Also i have to admire anyone that is learning to weld as a hobby because it is not an easy skill to learn as nothing but a hobby. I have been lucky to always have very skilled welders around me to help me along and now i can pass what i learned along to new welders. I guess in that sense its a very rewarding job.
                  Linclon power mig 350MP

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                  • #10
                    Originally posted by aametalmaster View Post
                    Besides what i do at home i do this now.
                    http://www.robots.com/movies.php?tag=246 This was my robot during testing at the factory before being shipped to where i work...Bob
                    I dont understand what you do. You build these robot arms, you design them or operate?

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                    • #11
                      I do dual shield/ fluxcore on stainless and carbon steel. we build alot of parts for buildings,alot of staircases lately,&the heavy stainless parts fcaw welded are usually for water treatment plants.75% of the time though is layout,fabrication etc..When I am at home ,funtime, I tig weld cobbing together contraptions and just practicing.I really want to get good at tig...The other shop down the street does all the aluminum tig so I hope to transfer over there and get some good practice in..All blue machines both at work and at home.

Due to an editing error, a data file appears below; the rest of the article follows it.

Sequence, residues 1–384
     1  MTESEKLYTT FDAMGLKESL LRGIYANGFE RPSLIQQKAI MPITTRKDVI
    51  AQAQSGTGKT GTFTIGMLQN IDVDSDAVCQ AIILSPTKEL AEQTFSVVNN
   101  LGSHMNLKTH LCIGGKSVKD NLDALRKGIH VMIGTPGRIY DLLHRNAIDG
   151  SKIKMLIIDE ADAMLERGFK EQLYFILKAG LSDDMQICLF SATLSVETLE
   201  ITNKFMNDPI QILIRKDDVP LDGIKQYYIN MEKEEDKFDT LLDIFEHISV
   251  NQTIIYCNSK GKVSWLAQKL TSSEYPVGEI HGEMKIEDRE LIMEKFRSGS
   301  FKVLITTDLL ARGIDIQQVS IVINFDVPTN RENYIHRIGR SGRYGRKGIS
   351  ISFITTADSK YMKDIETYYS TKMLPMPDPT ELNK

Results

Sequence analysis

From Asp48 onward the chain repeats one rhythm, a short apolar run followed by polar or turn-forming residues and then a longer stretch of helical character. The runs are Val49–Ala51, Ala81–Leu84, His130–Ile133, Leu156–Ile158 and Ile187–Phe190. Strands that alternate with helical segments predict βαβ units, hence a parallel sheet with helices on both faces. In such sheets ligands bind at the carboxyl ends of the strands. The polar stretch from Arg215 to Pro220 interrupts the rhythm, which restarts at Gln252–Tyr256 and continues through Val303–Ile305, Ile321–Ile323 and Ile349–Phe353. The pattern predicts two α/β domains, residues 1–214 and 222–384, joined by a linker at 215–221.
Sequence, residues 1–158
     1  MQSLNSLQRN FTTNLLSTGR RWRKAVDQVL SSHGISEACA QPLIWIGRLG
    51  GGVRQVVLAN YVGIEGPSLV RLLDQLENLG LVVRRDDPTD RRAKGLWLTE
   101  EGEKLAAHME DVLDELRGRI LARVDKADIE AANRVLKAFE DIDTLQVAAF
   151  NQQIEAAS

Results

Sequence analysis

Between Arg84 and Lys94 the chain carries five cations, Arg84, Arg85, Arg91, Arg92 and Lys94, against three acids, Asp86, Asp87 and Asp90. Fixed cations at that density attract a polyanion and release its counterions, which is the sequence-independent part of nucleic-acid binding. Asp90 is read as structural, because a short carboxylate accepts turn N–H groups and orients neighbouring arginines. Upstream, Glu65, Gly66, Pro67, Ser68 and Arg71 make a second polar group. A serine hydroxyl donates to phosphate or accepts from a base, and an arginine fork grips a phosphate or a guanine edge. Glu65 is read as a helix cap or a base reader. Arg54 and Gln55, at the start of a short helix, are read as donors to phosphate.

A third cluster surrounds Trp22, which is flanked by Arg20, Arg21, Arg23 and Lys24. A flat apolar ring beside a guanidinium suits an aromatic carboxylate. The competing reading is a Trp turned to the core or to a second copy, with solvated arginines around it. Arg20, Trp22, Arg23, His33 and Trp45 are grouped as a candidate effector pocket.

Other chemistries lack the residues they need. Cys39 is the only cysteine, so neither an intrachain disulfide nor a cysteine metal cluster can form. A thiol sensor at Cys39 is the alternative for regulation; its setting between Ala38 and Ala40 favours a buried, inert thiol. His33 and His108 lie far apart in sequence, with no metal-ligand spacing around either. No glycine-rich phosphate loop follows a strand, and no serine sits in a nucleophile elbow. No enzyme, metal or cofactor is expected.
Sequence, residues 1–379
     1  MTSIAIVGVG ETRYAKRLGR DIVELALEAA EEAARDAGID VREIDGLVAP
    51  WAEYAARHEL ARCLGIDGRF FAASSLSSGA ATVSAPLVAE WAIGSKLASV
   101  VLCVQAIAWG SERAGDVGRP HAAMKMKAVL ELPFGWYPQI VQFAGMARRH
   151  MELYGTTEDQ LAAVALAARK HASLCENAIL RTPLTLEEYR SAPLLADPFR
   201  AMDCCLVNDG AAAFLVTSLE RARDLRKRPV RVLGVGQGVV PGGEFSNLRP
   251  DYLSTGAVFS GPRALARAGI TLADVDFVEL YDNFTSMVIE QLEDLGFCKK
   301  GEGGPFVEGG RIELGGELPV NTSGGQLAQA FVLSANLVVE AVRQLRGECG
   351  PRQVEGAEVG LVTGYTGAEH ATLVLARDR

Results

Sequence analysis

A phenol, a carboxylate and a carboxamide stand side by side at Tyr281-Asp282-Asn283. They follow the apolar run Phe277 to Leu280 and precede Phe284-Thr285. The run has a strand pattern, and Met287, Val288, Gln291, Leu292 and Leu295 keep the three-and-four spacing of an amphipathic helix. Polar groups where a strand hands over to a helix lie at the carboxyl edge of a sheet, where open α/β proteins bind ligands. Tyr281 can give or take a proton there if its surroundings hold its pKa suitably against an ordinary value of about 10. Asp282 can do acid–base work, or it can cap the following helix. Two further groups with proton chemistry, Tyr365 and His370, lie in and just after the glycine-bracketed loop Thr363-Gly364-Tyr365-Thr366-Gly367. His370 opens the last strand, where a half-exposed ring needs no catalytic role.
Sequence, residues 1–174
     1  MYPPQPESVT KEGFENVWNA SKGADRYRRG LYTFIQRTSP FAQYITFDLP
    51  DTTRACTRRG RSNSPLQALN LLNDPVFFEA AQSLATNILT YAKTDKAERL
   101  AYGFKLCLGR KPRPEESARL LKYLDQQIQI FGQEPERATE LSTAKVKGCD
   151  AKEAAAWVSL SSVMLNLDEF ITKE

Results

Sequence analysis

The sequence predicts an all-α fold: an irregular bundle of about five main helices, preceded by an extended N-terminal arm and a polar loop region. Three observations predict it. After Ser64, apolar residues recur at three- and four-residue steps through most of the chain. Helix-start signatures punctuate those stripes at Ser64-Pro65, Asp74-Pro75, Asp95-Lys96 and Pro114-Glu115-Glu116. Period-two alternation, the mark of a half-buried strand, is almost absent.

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                      • #12
                        Originally posted by Daniel View Post
                        I dont understand what you do. You build these robot arms, you design them or operate?
                        I set up the fixtures, weld the parts like the guy in the movie and make adjustments for the welds like weld placement, heat settings, gun angles and pretty much make 500-1,000 parts a day...Bob
                        Bob Wright

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                        • #13
                          I weld as a living.I have been welding ductwork for the Sheetmetal workers union for 21yrs.Also operate my own business after working union/weekends,nights.I have a small shop and a mobile rig, been doing that for 16yrs now.Mostly structural and Heavy Equipment,buckets,dump bodys,trailers,pintle plates, rock crusher plant,snow plows.etc etc.
                          Last edited by admweld; 04-10-2011, 06:30 PM.
                          BB402D
                          TB300D
                          DIMENSION652
                          MM250X
                          MAXSTAR140
                          S-32 FEEDER W/1260 IRONMATE FC/GUN
                          HT/PWR-MAX1250 PLASMA

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                          • #14
                            Originally posted by admweld View Post
                            I weld as a living.I have been welding ductwork for the Sheetmetal workers union for 21yrs.
                            I was a union sheetmetal worker for 8 years then i left. This summer i came back to them to fill in at my old job i left 18 years ago for a few months. Then i welded all their parts and got laid off for my first time ever...Bob
                            Bob Wright

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                            • #15
                              automotive engine repair

                              I used to weld cracked aluminum cylinder heads in our automotive machine shop until we sold off the shop and equipment ,thats when i purchased the Miller syncrowave 250 Tig unit and now its just used around the home shop repairing tractor parts and fencing/gates.

                              (took classes in Atlanta area,also learned cast iron spray welding interesting stuff)
                              Angus
                              Miller syncrowave 250 Tig w/water cooled torch